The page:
Nana’s Fried Cauliflower is a nod to Italian heritage

06/10/2014 8:00 AM

06/09/2014 3:40 PM

Sam Bazdarich cooks with the passion of his Italian heritage, and everyone who eats his food tastes the love. He and his wife, Janet, married for 42 years, have two sons, Justin, 37, and Andrew, 30.

With tasty talents that are a chip off the old butcher’s block, Justin, a chef, reinterprets the Italian food of his youth at his restaurant Speedy Romeo in Brooklyn, N.Y. Justin credits his father for his fondness for food.

“My father taught me how to eat and how to enjoy the experience,” Justin says. “His love of food has been passed down to me. When I go home to Kansas City, we spend a lot of time in the kitchen.”

Residence: Overland Park

Occupation: Manufacturer and marketer of wireless accessories

Special cooking interest: Italian food

What are your plans for Father’s Day? I just flew out to New York to spend time with Justin at Speedy Romeo. I love to go to Brooklyn and see Justin in his element at the restaurant. He’s not only good with the food, he’s also good with the people who come in and eat. That’s what I call true hospitality.

Janet and my other son, Andrew, just returned from a trip to Oregon, so we will likely barbecue pork steaks at home, St. Louis-style, by brining them in vinegar, water and salt before putting them on the grill. I’ll probably have friends over and serve the pork steaks with Maull’s Barbecue Sauce. As they say, ‘Don’t Baste Your Barbecue. Maull it!’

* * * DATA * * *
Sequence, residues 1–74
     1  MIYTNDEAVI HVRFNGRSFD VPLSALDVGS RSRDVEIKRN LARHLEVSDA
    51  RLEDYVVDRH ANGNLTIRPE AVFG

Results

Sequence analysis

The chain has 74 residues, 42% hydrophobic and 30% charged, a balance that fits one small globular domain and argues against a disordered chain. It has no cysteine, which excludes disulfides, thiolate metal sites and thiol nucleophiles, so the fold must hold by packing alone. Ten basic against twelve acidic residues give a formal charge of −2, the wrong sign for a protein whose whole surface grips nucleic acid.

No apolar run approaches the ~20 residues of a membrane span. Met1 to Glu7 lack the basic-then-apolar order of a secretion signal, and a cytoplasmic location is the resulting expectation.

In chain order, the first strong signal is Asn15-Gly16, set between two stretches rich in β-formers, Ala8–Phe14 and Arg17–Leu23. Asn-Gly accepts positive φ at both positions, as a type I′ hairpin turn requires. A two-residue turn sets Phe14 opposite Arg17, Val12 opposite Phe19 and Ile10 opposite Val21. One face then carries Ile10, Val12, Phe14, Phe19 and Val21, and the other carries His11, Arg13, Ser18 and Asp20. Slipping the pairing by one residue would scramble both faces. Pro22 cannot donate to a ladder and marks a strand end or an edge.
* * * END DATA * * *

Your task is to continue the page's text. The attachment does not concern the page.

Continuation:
What is your tie to St. Louis? We’ve called Kansas City home since 1975, but I grew up on the Hill in St. Louis, which is a famed Italian neighborhood in the city. My mother, Catherine Giambrone, was born in Chicago, but her parents were from Sicily. My mother started my whole love affair with food.

When I was growing up, there was always enough food to bring friends home for dinner. My mother was happiest when there was food on the table and all of us were enjoying it. She cooked until she was more than 90 years old.

Now, I find myself the same way. The kitchen is a communal place, and I love cooking for others to enjoy.

Do you think Justin is the same way? Justin opened Speedy Romeo — which is named after a race horse — in 2011 after attending culinary school and working closely with Jean-Georges Vongerichten for more than 10 years. Justin likes to make people happy with his food.

The location of his restaurant used to be an auto repair shop, so there’s no gas line that’s run to the restaurant’s kitchen. Instead, wood fire fuels the entire operation — from pizzas and burgers to appetizers and wood-fired steaks and seafood. Speedy Romeo only uses the best ingredients from Italy for his pizza and buys all of his other foods from local farmers and food purveyors.

One of my favorite things to eat at Speedy’s is the Saint Louie, Justin’s wood-fired version of the pizza I enjoyed growing up in St. Louis. It’s cut into squares and topped with Italian sausage, pepperoni and Provel cheese. Don’t forget to put his pickled peppers on top!